The course undertakes a kind of archaeological-historical exploration of how ethnographers have, since the early 20th century, analysed the nature of social change and societal transition in southern Africa. It does so by requiring that students begin the course by having to read and critically discuss Fiona Ross’s recent book Raw Life, New Hope: Decency, housing and everyday life in a post-apartheid community (2010) which builds upon and implicitly critiques much of that earlier literature. We then return to the earlier literature during the remainder of the course in order to see what materials more recent authors have drawn on and critiqued, to consider those materials in the context of the times they were written and the development of anthropology as a discipline. Another recent text that, more explicitly than Ross’s, critiques much of that earlier work is Leslie Bank’s (2011) Home Spaces, Street Styles, and students are thus advised to read that text so that eventually they can assess whether Bank’s critiques are contextually justified.

SAN4016S Visual Anthropology

Visual Anthropology is concerned with the production and consumption of visual media, with the politics of representation, and the ways in which anthropologists use visual methods in ethnographic research. This course considers the major theoretical contributions to the discipline of visual anthropology, and while it is not production based, students will have the chance to produce a work in visual ethnography using photography, video, or on-line technologies. We will watch a number of documentary and ethnographic films, which focus on a range of anthropological themes including cultural translation, reflexivity, narrative, sexuality, activism, and ethics. We will consider the construction of the ‘other’ in documentary film, and consider what role vision has played in the history of anthropology. SAN 4016S is an Honours course that requires having completed an undergraduate degree in either anthropology or media studies. Permission to register for the course may be granted at the discretion of the course coordinator.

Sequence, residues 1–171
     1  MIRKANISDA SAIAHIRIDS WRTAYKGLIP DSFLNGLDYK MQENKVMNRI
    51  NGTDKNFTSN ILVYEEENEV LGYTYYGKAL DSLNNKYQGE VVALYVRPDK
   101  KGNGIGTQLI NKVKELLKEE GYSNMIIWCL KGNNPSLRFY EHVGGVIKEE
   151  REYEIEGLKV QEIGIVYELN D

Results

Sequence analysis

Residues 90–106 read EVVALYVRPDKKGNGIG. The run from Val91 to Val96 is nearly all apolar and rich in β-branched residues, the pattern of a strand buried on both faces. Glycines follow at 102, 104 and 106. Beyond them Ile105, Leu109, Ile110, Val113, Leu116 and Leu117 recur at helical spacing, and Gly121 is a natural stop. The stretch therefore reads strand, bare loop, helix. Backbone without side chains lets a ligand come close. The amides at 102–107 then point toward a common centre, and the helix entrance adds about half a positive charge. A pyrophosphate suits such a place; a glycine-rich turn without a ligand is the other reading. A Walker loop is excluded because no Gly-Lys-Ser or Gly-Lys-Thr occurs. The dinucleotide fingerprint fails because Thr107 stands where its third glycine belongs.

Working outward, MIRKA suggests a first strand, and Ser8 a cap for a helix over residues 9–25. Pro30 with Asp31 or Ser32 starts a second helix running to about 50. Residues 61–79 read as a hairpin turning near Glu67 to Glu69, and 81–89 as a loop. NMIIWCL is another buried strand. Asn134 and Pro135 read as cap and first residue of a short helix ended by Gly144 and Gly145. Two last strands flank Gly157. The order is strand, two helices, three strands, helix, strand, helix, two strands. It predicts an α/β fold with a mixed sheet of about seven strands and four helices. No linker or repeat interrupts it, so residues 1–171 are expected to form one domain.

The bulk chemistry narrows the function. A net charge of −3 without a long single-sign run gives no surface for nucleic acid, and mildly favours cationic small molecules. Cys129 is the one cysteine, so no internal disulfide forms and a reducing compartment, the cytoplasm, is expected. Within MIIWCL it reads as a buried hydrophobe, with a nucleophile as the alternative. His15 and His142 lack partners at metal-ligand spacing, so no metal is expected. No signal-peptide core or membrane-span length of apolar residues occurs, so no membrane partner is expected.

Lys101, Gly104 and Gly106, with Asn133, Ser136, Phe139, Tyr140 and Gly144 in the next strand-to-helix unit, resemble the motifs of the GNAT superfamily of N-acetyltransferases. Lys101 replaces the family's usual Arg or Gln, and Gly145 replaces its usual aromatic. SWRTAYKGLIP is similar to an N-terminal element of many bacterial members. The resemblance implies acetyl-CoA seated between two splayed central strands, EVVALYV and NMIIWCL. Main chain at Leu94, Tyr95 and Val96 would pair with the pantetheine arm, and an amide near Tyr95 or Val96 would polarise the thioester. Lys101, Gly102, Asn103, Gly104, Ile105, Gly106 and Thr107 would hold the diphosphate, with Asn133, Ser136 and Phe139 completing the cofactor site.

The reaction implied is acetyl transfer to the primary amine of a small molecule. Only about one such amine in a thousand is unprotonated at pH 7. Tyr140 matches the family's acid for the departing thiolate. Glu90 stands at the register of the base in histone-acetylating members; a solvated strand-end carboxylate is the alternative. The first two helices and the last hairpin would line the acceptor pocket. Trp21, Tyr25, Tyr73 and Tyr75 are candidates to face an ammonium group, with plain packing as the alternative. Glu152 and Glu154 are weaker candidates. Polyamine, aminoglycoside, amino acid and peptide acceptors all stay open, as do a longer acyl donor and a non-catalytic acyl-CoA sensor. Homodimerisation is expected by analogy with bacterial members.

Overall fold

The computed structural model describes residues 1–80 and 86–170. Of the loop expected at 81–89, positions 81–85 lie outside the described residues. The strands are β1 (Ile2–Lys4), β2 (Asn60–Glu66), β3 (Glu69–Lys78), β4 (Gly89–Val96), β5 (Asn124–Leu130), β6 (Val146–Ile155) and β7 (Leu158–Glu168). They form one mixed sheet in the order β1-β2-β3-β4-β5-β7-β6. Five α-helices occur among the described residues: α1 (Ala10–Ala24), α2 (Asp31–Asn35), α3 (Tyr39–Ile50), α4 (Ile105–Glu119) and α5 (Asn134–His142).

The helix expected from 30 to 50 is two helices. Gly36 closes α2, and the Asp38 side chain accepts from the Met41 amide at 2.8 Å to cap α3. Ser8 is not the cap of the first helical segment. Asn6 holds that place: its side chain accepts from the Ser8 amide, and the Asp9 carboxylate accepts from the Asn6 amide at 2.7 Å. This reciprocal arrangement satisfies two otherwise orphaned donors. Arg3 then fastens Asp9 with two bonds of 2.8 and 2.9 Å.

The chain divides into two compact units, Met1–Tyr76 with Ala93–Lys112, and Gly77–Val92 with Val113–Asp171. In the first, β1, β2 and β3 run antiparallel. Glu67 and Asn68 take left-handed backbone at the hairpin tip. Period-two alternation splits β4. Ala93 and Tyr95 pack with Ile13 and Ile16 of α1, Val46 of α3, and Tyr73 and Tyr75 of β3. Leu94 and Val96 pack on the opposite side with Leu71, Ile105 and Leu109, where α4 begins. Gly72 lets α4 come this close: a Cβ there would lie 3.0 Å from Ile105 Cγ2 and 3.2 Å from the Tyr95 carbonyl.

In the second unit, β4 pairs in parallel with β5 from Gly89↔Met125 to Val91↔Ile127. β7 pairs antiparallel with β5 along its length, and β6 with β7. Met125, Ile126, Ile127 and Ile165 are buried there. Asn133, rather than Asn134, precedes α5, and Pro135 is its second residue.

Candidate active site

Seminars will include discussions of the films screened and assigned readings. Throughout the course we will interrogate the boundaries between different modes of ethnographic representation, looking for points of intersection between written and visual ethnography, and working towards a critical visual anthropology in South Africa.

SAN5016S Contemporary theory in Anthropology

The course aims to explore core debates about identity, power and production in contemporary moment in Anthropological and Ethnographic writing.

By the end of the course, participants should be able to:

  • Critically engage with contemporary debates about ethnographic writing.
  • Understand how local and global processes connect and with what consequences for the production of ethnographic texts.
  • Use the tools offered in the course to reflect critically on contemporary debates about power and agency.
  • Develop critical tools in understanding and applying models.
  • Present materials in an accessible way in class and produce high quality written assignments.

SAN5025S Ethnographic Problematiques

This course offers students an opportunity to engage in close readings of ethnographic texts, requiring students to develop an historical synthesis of ethnographic work pertaining to a selected anthropological research problem or theme. In particular, the course seeks to sharpen the critical ability of students to develop research questions and rigorously to engage existing scholarship in a chosen area of inquiry, using five carefully selected published ethnographic texts. To enable this, students are to formulate a research question that seeks to establish and/or draw on: the theoretical assumptions or frameworks informing the approach taken in each of the ethnographies, and also how generally familiar with on-going theoretical debates the author is; the methodological approach of the author, and the extent to which further insights could have been gained with an alternative or complementary approach; the originality, coherence, clarity and consistency of author’s main argument, and the extent to which it is supported by the data at his/her disposal; the contribution to social anthropological knowledge of the work (gaps covered, new insights, elucidation of existing theories, breaks new grounds theoretically etc.)